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Jan 16, 2009 05:57 AM

Duck legs, ideas or receipes

I love duck and my market is now selling the legs only. They are such a great value I'd love to come up with something great to do with them. A make ahead braise would probably be most useful to me, but I'll take all ideas

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  1. confit! or a red wine braise, or a beer baised braise. but really, confit is the best way to go.

    1. Confit is the most obvious suggestion. If you have not made it before it is outstanding. A must try. It is not laborious and lasts for months in your fridge as long as it is covered by the fat. Serve with potatoes fried in the duck fat and tossed with fresh rosemary ...mmmm! :)

      As a braise you can brown the legs first then add sauteed shallots, sauteed parsnips, sauteed shitake mushrooms, duck or chicken broth, white wine (a riesling is very nice), honey, a little 35% cream, a small pinch of freshly grated nutmeg, bay leaf, salt and pepper. Cook over low heat until meat is falling off the bones. Add fresh tarragon towards the end. When you serve it, roast some pine nuts beforehand and sprinkle on top of your dish.

      1. I just purchased Moulard duck legs, but now I'm on a hunt for duck fat so I can make duck confit. Wish I could find it locally, but it looks like I might have to buy it online.

        I've got a great recipe for a GREAT duck ragu that's served over taglietelle pasta. The duck is seared then braised in red wine. It's amazing! Let me know if you'd like me to post it.

        4 Replies
        1. re: CindyJ

          That sound's awesome! I'D like you to post it :).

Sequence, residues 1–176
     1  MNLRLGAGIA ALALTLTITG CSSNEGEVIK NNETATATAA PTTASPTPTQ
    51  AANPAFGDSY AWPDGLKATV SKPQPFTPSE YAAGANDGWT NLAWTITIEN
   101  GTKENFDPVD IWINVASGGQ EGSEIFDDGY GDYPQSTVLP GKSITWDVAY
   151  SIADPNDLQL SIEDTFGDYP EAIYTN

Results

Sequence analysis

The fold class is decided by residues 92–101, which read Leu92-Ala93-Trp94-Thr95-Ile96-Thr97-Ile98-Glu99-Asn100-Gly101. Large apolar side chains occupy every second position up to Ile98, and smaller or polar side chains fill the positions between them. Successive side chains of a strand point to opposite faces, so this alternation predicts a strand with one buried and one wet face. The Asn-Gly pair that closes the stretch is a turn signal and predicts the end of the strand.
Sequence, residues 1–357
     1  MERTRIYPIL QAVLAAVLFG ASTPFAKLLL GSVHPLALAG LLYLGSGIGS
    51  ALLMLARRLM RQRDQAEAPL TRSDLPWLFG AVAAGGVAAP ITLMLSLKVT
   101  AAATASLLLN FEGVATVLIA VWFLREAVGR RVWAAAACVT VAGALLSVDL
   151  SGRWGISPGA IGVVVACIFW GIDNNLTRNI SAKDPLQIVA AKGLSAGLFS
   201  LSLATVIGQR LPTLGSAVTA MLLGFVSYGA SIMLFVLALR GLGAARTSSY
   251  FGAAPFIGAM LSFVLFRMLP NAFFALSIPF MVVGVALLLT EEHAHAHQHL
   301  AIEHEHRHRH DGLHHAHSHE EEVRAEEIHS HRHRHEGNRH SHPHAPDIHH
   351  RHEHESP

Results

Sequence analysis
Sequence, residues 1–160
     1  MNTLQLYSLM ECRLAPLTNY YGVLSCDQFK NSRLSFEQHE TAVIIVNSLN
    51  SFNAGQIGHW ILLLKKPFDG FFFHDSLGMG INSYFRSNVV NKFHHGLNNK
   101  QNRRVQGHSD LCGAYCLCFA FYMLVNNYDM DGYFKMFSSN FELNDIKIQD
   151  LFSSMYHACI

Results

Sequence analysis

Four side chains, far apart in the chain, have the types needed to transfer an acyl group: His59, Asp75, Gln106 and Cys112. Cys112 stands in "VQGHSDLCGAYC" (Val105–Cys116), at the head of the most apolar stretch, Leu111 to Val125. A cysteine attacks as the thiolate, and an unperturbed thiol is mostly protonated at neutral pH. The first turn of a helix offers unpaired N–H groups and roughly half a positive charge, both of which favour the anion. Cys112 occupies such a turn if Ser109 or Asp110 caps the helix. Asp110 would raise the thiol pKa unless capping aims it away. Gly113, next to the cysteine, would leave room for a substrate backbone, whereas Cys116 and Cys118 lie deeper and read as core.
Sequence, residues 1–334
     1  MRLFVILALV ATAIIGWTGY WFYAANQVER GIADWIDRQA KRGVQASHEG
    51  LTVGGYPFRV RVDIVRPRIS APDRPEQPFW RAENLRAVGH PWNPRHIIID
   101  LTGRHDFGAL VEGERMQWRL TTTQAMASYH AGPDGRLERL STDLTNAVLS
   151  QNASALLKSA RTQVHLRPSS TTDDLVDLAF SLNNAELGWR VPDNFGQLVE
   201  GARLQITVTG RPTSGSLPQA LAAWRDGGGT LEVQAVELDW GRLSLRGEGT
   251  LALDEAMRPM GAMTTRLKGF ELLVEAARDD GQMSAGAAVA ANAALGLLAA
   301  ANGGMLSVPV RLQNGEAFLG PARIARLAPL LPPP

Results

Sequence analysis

1. re: oana

            I would love it too, especially as I will make the pasta. I've done confit, but I was really thinking of a dish not a component and would still like an idea for something that could be made ahead for casual company besides pasta

            1. re: Stuffed Monkey

              Then the braise would be really good for you. It keeps well and of course :) it is better a day or two after you have made it and it freezes well also.

            2. re: oana

              This is a “hybrid” recipe I’ve created from Marc Vetri’s “Il Viaggio di Vetri” and Molly Stevens’ “All About Braising.” Enjoy!

              Duck Ragu with Tagliatelle


              1 duck breast
              1 duck leg
              (or any combination of legs & breasts)
              Kosher salt, freshly ground black pepper, to taste
              2 TB olive oil
              1 carrot, peeled and coarsely chopped
              1 medium onion, coarsely chopped
              1 stalk of celery, coarsely chopped
              2 garlic cloves, coarsely chopped
              ¾ cup red wine (Chianti, Zinfandel, Rioja, Barbera are all good)
              2 cups canned plum tomatoes, preferably San Marzano, crushed
              1 rosemary sprig
              2 cups chicken stock
              1 lb. assorted mushrooms, quartered, sautéed in butter and/or olive oil
              2-3 TB grated Parmesan Reggiano

              1 lb. Tagliatelle

              1. Preheat oven to 325°
              2. Season the duck with salt and pepper to taste
              3. Heat the oil in an ovenproof saucepan or heavy braising pot over medium-high heat. When the oil is very hot, add the duck pieces, skin side down, and cook, turning as needed, for about 8 minutes, or until golden brown on both sides. Remove the duck and set aside. Remove most of the fat from the pan.